Post-structuralism grew out of, and in response to, the philosophy of structuralism. It is a loose connection of authors and ideas, holding the general view that “structures” are not easily discovered and not discoverable as such. Post-structuralism is closely linked to with the postmodernist paradigm.
Post-structuralism is a critical point of view that questions the validity in structures, such as culture and language. Text as a construction of human beings is therefore fallible and the original meaning of the author cannot be determined. Post-structuralism is applied mainly in the field of languages and linguistics (a relative postmodernism). However, it also has an influence in other disciplines, for example art, culture, history and sociology.
For post-structuralism, disruption is often seen as a having a positive meaning because disruption can lead to renewal and change. The task is to continually “deconstruct” the text, which is a constant stream of interpretations rather than fixed meaning.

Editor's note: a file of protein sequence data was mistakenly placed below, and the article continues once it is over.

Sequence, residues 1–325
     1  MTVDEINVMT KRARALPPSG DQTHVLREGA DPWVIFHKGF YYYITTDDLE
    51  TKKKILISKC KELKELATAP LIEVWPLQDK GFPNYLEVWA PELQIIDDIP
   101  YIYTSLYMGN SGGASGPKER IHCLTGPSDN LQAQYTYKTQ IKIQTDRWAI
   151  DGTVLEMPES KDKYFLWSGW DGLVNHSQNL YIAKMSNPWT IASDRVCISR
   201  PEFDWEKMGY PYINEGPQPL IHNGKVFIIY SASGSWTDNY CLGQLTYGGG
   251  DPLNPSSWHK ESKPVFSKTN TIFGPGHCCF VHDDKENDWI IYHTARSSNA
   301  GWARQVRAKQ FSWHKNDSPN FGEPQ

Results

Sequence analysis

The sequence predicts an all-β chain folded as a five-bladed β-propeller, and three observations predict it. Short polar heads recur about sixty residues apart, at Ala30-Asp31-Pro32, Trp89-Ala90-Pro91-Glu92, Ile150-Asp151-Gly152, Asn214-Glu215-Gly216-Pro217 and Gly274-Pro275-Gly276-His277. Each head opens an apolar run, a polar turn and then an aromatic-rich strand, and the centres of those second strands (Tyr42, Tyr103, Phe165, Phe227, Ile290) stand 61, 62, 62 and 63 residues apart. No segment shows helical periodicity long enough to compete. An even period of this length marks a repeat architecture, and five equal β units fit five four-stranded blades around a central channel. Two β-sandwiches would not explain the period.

Post-structuralism should be adopted with great caution because it is interpreted and, therefore, used in many different ways by different people to support controversial points of view. Post-structuralists (if there is such a thing) can overturn assumptions about purity in morals, about essences in terms of race, gender and backgrounds, about values in art and politics and about truth in law and philosophy.
In closing, post-structuralism is often criticised and rejected because of the underlying structure or text that is slippery and deep; and authorial intentions hard to unravel. It argues about limits, but the limits are not defined or even explained. It presupposes a core, but the core is not defined, let alone explained, making it easy to bend arguments to fit personal preferences or points of view be labelling it post-structural. The end-results of this approach is that no link can be found between the core and the limits and the researcher can actually set her own limits and core without paying much attention to coherence or corroborated truth.